Pierson concludes that the Harry Hoosier etymology “would be the simplest derivation of the word and, on simplicity alone . . . is worth serious consideration.” However, most historians wouldn’t consider “simplicity” to be a sound historical argument. In his 2018 paper for Indiana University’s Herman B Wells Library, scholar Jeffery Graf critiques Pierson’s argument: “Readers may sense that the article has a certain wouldn’t-it-be-great-if quality, as though the author perhaps never entirely believed in his own argument, or feared no one else would.” It should also be noted that the IMH published Pierson’s article simply as one of several theories. And that probably summarizes the Harry Hoosier theory best. It’s interesting to muse about, certainly, but there are no primary sources to give it more weight than any other theory.
Back to the Sources
Primary sources, including newspaper articles from the period, show “Hoosier” being applied as a moniker for people from Indiana in a neutral or positive manner as early as the 1830s. In an age of slower communication and travel, it is unlikely that in the approximate decade between Harry Hoosier’s death and the change in the usage of “Hoosier” that the term rocketed from Virginia and North Carolina through Tennessee and Kentucky to end up in Indiana. Meanwhile, on this rapid journey, Pierson asks us to believe it also shed its connection to Harry Hoosier, took on a derogatory meaning for Methodists, lost its derogatory meaning for Methodists, and arrived in Indiana, and was adopted there by all of the people in the state. Again, interesting, but there just isn’t any hard evidence. Stephen H. Webb, late associate professor of religion and philosophy at Wabash College, who wanted to support Pierson’s theory because it “makes a better story” than other theories, conceded that “the evidence for the connection between his name and Indiana’s nickname is circumstantial, which leaves room for skepticism.”
“An Argument without End”
As the historian Pieter Geyl famously stated, “History is indeed an argument without end.” So, we encourage you to make up your own mind about the origin of the word “Hoosier.” IUPUI’s Chronicling Hoosier project presents all of the sources and data that they collected on the early uses of the term on their free and searchable website. But in all reality, we probably won’t ever know definitively or be able to neatly wrap up the argument. Like a lot of slang terms, people were using “Hoosier” in different ways. Chronicling Hoosier reports:
Instead of a tidy trajectory from one meaning to another, this newspaper analysis suggests hoosier has always had a variety of meanings and connotations. It was used to refer to individuals from “the West,” which in early 19th century included Indiana, Illinois, Missouri, and parts of Michigan, Wisconsin, and sometimes Kentucky. However, there is also clear and consistent evidence that during the same time period it was just as often a term for referring exclusively to Indianans.
The project concludes: “We suggest that the term’s definition, like all language, was and remains in flux.” This answer isn’t as satisfying as attributing the origin of the term to one great man. But sometimes history is a bit messy. As Hoosiers, known for our “Hoosier hospitality” after all, it seems perfectly Hoosier-y to welcome all the theories, from Riley’s “whose ear” joke to etymological arguments from scholars. And as more and more sources are digitized each year, it’s likely we’ll find even earlier references than we currently have. Now whether these sources will add clarity or more confusion . . . we’ll have to stay tuned, Hoosiers!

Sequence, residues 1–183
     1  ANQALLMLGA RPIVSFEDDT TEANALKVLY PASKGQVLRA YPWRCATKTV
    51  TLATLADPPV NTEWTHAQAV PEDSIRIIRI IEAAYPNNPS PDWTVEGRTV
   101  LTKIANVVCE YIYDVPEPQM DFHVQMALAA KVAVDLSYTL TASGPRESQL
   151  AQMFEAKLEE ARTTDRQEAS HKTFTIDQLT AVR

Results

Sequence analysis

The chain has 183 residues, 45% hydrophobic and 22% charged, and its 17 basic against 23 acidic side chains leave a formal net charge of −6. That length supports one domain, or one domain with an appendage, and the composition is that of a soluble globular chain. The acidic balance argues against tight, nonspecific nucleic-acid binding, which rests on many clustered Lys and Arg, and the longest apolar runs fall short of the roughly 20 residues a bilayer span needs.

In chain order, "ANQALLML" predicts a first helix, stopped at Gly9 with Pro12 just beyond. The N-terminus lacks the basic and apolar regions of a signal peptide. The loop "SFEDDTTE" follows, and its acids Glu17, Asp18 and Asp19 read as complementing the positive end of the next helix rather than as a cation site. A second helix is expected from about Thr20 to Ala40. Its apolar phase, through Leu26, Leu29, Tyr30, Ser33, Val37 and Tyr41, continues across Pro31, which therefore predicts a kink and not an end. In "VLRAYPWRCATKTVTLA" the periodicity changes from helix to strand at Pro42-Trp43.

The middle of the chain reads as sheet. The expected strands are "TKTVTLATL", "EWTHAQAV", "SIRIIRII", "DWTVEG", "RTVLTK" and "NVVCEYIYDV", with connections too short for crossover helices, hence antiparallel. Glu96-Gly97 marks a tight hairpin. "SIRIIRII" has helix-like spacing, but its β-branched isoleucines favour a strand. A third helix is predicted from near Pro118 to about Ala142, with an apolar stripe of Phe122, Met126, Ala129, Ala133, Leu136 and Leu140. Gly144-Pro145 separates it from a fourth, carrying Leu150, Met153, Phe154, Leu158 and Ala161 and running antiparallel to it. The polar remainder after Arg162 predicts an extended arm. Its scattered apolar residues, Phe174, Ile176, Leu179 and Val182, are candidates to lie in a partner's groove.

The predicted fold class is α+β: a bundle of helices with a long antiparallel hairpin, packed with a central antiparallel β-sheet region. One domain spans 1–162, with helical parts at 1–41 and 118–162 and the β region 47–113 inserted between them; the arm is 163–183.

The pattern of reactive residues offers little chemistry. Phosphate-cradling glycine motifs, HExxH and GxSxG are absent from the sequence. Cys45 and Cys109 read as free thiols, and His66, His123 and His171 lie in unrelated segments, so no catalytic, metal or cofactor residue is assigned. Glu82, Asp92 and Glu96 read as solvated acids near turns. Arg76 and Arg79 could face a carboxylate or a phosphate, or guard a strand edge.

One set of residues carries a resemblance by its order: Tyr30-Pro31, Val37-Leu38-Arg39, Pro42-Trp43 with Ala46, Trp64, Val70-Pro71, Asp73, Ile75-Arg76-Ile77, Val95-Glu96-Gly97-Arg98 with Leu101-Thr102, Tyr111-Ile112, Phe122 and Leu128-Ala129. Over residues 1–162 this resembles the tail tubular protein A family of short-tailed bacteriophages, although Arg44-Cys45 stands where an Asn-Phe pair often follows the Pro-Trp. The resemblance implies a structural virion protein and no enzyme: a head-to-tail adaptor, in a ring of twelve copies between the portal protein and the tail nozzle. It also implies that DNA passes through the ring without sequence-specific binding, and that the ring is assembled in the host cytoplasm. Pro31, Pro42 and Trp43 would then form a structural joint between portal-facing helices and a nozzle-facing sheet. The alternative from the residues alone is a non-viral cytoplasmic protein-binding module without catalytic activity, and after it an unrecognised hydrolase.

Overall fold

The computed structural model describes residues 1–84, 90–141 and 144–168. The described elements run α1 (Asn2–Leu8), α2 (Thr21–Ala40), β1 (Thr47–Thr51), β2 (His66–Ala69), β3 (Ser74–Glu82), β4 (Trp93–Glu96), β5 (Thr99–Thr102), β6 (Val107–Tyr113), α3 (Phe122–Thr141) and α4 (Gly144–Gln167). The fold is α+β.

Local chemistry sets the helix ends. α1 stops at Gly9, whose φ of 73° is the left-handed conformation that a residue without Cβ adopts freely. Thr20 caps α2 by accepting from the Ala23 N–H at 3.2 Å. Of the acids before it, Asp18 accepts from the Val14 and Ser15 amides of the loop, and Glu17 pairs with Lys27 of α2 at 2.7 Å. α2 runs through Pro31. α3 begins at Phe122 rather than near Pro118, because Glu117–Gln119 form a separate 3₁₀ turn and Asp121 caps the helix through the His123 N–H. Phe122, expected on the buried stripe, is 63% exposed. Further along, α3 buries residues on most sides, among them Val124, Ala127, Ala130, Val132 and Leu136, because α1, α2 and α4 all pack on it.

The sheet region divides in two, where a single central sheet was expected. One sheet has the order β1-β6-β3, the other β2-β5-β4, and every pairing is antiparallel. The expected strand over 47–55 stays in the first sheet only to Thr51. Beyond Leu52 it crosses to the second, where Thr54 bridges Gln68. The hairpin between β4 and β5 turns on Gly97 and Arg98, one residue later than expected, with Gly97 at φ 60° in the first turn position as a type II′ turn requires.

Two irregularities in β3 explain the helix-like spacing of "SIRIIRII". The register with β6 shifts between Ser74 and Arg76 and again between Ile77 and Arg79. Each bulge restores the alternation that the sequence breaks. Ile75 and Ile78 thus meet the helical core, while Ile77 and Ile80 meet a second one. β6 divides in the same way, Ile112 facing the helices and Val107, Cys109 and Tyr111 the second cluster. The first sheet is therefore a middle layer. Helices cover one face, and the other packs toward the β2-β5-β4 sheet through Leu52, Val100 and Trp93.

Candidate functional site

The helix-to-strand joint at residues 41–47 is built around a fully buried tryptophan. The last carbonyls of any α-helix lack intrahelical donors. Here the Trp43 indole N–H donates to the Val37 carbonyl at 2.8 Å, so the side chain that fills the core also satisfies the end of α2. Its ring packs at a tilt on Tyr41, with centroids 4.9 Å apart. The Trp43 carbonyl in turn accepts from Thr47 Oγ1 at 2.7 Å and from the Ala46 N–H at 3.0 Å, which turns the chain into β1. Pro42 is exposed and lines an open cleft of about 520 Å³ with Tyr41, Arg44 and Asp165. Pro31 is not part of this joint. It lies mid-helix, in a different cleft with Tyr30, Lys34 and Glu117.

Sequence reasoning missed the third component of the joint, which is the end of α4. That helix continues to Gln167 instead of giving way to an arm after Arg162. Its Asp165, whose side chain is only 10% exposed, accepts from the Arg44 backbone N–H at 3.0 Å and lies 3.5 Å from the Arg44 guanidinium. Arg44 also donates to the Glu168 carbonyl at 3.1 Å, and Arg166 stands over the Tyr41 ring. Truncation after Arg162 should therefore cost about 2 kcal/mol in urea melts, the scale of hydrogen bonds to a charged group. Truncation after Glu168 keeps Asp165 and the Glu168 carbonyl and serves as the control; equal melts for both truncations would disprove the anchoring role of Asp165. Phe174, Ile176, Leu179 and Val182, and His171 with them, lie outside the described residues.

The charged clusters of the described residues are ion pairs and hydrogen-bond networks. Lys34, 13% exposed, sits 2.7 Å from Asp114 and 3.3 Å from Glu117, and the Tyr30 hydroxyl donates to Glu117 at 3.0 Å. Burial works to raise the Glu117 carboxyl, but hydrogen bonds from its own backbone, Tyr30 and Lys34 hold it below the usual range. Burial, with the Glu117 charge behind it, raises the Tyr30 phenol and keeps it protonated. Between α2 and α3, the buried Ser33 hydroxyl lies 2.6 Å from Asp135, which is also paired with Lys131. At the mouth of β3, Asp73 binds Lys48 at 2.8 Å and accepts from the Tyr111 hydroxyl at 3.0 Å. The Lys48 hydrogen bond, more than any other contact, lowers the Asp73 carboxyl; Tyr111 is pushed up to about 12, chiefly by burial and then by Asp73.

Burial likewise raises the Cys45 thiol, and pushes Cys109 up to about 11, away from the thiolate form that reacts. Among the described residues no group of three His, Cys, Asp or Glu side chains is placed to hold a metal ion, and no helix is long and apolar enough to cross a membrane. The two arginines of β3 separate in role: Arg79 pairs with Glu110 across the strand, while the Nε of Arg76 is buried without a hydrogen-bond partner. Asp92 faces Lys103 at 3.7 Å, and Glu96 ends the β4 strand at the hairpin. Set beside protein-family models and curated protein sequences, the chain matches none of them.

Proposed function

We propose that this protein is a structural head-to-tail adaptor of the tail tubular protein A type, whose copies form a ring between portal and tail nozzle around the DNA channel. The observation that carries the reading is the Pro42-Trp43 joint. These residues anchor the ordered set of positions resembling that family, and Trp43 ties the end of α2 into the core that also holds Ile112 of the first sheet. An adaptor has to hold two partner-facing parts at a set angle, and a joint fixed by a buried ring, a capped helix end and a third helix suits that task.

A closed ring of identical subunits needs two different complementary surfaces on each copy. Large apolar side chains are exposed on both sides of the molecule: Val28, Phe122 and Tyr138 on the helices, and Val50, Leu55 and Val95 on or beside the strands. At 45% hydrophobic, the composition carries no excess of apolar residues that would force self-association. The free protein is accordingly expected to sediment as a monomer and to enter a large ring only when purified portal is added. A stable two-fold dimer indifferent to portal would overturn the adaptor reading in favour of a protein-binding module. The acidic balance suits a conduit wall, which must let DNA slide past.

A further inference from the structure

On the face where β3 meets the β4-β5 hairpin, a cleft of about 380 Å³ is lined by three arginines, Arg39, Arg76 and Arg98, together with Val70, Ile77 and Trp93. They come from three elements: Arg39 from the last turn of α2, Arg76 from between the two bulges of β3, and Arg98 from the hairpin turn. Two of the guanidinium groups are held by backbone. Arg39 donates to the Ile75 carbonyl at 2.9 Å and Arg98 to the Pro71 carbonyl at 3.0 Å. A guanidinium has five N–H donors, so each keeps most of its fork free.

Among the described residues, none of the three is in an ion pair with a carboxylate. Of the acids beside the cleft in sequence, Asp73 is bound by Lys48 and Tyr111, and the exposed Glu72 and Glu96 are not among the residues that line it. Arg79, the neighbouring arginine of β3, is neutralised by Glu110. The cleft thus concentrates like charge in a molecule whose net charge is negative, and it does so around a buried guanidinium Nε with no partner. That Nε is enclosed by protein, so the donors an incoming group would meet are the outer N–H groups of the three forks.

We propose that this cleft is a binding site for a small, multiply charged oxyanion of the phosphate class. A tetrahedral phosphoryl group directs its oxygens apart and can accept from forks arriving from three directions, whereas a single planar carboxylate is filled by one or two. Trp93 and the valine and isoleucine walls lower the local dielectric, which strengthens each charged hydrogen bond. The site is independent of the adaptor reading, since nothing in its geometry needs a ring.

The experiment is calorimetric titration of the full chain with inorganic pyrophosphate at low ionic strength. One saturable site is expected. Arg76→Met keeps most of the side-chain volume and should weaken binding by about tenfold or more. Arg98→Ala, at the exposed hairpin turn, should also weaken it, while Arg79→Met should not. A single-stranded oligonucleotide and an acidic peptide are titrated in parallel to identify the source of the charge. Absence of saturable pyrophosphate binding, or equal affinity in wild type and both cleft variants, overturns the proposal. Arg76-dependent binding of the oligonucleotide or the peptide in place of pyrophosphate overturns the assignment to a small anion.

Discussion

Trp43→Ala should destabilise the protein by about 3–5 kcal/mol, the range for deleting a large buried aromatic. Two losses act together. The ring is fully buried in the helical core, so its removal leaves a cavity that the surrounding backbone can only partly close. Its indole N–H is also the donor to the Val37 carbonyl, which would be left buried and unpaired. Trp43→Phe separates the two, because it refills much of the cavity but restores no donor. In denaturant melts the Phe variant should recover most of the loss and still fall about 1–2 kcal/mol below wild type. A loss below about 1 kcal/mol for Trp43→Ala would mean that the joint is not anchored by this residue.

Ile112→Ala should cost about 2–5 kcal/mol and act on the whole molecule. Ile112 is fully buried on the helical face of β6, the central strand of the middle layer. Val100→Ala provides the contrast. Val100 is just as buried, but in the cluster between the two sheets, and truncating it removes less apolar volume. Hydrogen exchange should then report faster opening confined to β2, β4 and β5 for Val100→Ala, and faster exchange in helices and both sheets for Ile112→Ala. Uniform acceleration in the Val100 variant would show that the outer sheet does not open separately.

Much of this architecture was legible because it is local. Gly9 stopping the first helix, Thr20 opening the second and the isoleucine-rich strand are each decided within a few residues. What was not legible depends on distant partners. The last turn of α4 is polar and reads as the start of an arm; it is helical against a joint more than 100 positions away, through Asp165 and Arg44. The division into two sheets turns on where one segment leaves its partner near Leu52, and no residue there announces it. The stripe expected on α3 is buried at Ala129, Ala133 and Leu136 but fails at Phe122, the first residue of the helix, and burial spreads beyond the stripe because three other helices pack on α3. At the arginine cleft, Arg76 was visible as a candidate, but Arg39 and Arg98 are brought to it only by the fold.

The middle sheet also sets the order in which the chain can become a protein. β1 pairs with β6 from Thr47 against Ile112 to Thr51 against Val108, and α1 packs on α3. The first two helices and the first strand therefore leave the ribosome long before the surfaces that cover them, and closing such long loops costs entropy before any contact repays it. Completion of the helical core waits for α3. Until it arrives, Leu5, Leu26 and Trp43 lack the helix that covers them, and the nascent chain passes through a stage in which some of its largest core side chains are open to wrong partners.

Sources and Further Reading
IUPUI Center for Digital Scholarship, Chronicling Hoosier, http://centerfordigschol.github.io/chroniclinghoosier/index.html.
Indiana Historical Bureau, “The Word ‘Hoosier:’ An Origin Story,” Indiana History Blog, June 12, 2018, https://blog.history.in.gov/the-word-hoosier-an-origin-story/.
Jeffrey Graf, The Word “Hoosier,” Scholars’ Commons, Herman B Wells Library, Indiana University Libraries, Bloomington, https://libraries.indiana.edu/sites/default/files/The%20Word%20Hoosier-Revised-and-Expanded-2018.pdf.
“What Is A Hoosier?: A Bicentennial Issue,” Indiana Magazine of History 112: 3 (September 2016): 149-252, https://scholarworks.iu.edu/journals/index.php/imh/issue/view/1656.
William D. Piersen, “The Origin of the Word ‘Hoosier’: A New Interpretation,” Indiana Magazine of History 112:3 (September 2016): 218–225, https://scholarworks.iu.edu/journals/index.php/imh/article/view/25482/31292.
Stephen H. Webb, “Introducing Black Harry Hoosier: The History Behind Indiana’s Namesake,” Indiana Magazine of History (September 2016): 112, Issue 3, 226–237, https://scholarworks.iu.edu/journals/index.php/imh/article/view/25483/31293.
Brian D. Lawrence, “The Relationship between the Methodist Church, Slavery and Politics, 1784-1844,” Master of Arts in History Thesis, Department of History, Rowan University (May 4, 2018), https://rdw.rowan.edu/cgi/viewcontent.cgi?article=3573&context=etd.
Sources on treatment of African Americans in early Indiana:
Article 13, Indiana Constitution of 1851, Constitution Making in Indiana, edited by Charles Kettleborough (Indiana Historical Bureau, 1916, reprint 1971), accessed Indiana Historical Bureau, https://www.in.gov/history/about-indiana-history-and-trivia/explore-indiana-history-by-topic/indiana-documents-leading-to-statehood/.
Emma Lou Thornbrough, The Negro in Indiana Before 1900 (Indianapolis: Indiana Historical Bureau, 1985, reprinted Bloomington and Indianapolis: Indiana University Press, 1993), 68-69; Emma Lou Thornbrough, The Negro in Indiana: A Study of a Minority (Indianapolis, 1957), 23-30.
“Indiana and Fugitive Slave Laws,” Indiana Historical Bureau, https://www.in.gov/history/for-educators/all-resources-for-educators/resources/underground-railroad/gwen-crenshaw/indiana-and-fugitive-slave-laws/.
Donnell v. State 1852, State Historical Marker 16.2007.1, Indiana Historical Bureau, https://www.in.gov/history/state-historical-markers/find-a-marker/donnell-v-state-1852/.
John Freeman, State Historical Marker 49.2006.2, Indiana Historical Bureau, https://www.in.gov/history/state-historical-markers/find-a-marker/john-freeman/.
Mary Clark, State Historical Marker 42.2009.1, Indiana Historical Bureau, https://www.in.gov/history/state-historical-markers/find-a-marker/find-historical-markers-by-county/indiana-historical-markers-by-county/mary-clark/;
Polly Strong Slavery Case, State Historical Marker 31.2016.1, Indiana Historical Bureau, https://www.in.gov/history/state-historical-markers/find-a-marker/find-historical-markers-by-county/indiana-historical-markers-by-county/polly-strong-slavery-case/